Despite Jesuits being banned from working and living in the UK, Bošković remained in England for over half a year and conversed and met with many figures of the contemporary Enlightenment: the political philosopher Edmund Burke, the original poet laureate Samuel Johnson, the astronomer James Bradley, the head of the Royal Academy George Parker and the American inventor Benjamin Franklin. It was with the future founding father that Bošković worked together on some electrical experiments. During his time in the UK, Bošković designed a telescope filled with water in all its components. This telescope would later be implemented at the Greenwich observatory in 1871.

rudjer boskovic ticketHis expertise meant that he was invited by the Royal Society of London to undertake an expedition to California to observe the transit of Venus in 1769. Unfortunately, the recent decree of the Spanish government had expelled Jesuits from its dominions. Nevertheless, his international experience and diplomatic capabilities allowed Bošković to keep his home city informed of the most important events taking place in Europe and beyond such as the Seven Years War and the American Revolution. Deprived of his post by the intrigues of his associates, he was about to retire to Dubrovnik when in 1773 the news of the suppression of the Jesuit order in Italy reached him.

In 1773 a charter granted by Louis XV made him a French subject. Soon he was appointed by Louis XV to the prestigious position of Director of Naval Optics of the French Navy in Paris (Optique Militaire de la Marine Royale de France) with an income of 8000 livres. Ruđer Bošković became a good friend to many outstanding figures of the day such as the co-editor of the Encyclopédie D’Alembert and scientists like the mathematician Clairaut, Lalande and Buffon. Living comfortably by the French Academy, Bošković gained French citizenship and stayed for ten years.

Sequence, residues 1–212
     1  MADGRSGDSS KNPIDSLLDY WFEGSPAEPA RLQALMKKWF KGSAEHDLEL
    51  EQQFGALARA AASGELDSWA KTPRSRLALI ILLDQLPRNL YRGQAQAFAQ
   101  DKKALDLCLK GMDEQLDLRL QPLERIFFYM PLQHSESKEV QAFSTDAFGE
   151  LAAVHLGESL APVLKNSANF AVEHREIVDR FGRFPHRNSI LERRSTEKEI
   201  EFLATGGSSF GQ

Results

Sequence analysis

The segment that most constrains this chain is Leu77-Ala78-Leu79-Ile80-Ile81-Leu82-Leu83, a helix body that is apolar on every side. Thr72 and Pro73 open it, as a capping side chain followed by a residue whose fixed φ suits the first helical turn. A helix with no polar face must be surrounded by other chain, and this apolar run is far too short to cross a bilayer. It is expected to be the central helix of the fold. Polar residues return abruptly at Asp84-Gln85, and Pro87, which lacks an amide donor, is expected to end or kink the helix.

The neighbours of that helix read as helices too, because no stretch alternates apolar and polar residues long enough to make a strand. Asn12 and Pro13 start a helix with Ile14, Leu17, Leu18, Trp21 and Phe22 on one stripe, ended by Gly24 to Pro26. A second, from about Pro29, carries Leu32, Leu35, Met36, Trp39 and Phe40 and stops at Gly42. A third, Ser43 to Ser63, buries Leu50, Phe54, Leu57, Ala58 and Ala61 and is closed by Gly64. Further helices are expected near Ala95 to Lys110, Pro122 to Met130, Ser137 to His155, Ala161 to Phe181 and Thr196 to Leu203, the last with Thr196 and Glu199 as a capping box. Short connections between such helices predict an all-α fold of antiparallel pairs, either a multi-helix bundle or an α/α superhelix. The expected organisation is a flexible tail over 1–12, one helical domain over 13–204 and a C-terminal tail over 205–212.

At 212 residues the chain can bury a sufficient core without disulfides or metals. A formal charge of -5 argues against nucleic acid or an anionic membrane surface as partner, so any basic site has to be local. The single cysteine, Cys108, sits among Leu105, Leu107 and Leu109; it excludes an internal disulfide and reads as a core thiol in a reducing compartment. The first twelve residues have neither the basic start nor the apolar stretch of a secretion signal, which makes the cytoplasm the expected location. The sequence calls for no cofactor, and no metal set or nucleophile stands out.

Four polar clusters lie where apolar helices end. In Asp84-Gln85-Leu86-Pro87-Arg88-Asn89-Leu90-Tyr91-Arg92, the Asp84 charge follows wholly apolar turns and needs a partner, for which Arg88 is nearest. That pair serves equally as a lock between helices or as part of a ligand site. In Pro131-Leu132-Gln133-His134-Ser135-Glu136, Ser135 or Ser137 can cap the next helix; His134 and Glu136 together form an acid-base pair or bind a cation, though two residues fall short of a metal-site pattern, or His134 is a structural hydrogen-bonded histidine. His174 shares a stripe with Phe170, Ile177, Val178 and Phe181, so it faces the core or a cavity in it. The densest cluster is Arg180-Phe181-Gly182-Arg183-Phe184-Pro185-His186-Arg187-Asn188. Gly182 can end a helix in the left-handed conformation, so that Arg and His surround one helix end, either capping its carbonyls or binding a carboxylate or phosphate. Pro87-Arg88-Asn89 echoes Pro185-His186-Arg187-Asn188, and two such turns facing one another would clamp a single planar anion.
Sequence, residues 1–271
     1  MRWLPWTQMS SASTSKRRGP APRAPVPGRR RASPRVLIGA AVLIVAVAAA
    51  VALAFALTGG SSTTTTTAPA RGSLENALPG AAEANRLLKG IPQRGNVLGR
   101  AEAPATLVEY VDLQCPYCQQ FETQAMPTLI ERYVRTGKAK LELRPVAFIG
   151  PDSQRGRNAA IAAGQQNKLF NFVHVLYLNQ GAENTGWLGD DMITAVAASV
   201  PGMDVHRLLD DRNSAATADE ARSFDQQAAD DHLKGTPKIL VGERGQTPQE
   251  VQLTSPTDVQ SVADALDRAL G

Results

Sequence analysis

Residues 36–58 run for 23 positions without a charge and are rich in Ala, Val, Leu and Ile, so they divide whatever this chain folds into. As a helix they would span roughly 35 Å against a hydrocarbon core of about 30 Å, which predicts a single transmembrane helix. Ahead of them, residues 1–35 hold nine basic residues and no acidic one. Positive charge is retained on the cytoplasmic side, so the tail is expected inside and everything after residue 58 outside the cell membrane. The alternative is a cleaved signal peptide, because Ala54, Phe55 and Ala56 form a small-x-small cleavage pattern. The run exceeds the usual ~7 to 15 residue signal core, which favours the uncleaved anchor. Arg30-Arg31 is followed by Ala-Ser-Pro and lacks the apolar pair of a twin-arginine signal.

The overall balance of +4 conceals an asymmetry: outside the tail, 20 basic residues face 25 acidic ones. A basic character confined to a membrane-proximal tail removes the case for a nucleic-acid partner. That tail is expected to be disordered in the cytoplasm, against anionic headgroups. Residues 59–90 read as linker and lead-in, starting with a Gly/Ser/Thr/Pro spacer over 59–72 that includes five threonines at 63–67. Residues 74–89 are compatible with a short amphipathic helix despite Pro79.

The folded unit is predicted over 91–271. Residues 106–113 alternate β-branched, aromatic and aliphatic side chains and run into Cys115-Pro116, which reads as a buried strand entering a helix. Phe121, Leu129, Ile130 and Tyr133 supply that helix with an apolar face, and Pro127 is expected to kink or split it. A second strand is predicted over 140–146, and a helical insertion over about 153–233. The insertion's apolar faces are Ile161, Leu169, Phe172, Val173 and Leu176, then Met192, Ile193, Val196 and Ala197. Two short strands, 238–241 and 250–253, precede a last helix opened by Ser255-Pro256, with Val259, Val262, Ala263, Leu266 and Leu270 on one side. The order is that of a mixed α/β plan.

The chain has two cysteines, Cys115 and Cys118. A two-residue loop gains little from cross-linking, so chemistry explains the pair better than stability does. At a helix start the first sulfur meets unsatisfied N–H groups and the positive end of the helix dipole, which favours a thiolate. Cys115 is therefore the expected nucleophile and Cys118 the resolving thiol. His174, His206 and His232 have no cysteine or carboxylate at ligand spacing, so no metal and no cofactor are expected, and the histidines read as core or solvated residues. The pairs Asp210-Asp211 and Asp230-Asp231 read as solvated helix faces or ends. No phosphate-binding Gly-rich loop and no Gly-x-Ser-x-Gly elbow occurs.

About 1777 he returned to Milan, where he kept teaching and directing the Brera observatory. In 1783 he returned to Italy, and spent two years at Bassano, occupying himself with the publication of his Opera pertinentia ad opticam et astronomiam, etc., published in 1785. At that time his health was failing, his reputation was on the wane, his works did not sell, and he gradually fell prey to illness and disappointment. He died in Milan and was buried in the church of St. Maria Podone.

The legacy of Bošković’s atomic theory gave a clear, precisely-formulated system utilizing principles of Newtonian mechanics. This inspired the British scientist Faraday to develop field theory for electromagnetic interaction. Later scientists such as Kelvin, the English physicist paid tribute to the polymath from Dubrovnik saying that his atomic theory is a pure “Boskovicianism.” Over a hundred years later, the scientist Tesla claimed that Einstein’s theory of Relativity was the creation of Bošković. For his contributions to astronomy, the lunar crater Bošković was named after him. (Vicko Marelic)

Gallery of Rudjer Boskovic images from Dubrovnik

Dubrovnik History Articles

  1. The History of Dubrovnik – an introduction
  2. The foundation in the Dark Ages – balancing on a borderland
  3. Early medieval times
  4. The beginning of trade
  5. Trade Agreements with Balkan Countries
  6. Breaking Away From Venice and Territorial Expansion
  7. The Ottomans Arrive
  8. Dubrovnik’s Golden Age
  9. Dubrovnik as the Focal Point of Dalmatian Enlightment
  10. Rudjer Boskovic – Dubrovnik’s Shining Example of the Enlightement
  11. The Jews of Dubrovnik